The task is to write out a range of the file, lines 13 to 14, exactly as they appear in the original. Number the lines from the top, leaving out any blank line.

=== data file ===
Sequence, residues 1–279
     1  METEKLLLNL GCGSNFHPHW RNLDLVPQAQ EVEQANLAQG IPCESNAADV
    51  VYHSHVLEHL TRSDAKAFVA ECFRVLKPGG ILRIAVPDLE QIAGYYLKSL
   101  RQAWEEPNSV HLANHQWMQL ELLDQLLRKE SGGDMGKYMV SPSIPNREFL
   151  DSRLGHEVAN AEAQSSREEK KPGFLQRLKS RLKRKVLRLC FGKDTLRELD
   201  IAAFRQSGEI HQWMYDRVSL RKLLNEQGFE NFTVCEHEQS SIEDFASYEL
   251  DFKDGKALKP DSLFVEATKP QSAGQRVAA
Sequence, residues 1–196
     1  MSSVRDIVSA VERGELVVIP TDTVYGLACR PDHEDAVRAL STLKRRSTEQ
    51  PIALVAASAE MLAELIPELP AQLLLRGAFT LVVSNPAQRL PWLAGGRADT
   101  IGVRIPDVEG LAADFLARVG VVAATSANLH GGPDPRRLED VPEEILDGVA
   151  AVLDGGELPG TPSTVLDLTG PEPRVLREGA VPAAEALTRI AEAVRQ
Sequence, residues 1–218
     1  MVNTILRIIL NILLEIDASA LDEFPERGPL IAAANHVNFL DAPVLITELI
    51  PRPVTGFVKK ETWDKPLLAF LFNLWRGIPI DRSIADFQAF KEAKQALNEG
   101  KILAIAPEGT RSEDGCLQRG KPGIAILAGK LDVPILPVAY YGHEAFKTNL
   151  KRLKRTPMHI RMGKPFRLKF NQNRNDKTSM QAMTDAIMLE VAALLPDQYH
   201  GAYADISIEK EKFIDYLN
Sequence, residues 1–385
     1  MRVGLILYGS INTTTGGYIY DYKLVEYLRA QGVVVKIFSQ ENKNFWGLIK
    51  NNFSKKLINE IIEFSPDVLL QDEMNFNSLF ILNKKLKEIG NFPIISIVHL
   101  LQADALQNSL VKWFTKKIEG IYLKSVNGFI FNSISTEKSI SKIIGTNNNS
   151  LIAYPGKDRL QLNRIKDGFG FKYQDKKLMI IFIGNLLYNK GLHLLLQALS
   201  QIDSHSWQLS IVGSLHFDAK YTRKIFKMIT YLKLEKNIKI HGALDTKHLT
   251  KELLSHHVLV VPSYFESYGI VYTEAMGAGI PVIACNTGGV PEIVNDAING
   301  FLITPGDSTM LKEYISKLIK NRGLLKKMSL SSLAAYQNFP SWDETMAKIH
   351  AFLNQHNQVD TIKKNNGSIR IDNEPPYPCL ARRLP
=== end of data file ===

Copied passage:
Sequence, residues 1–218
     1  MVNTILRIIL NILLEIDASA LDEFPERGPL IAAANHVNFL DAPVLITELI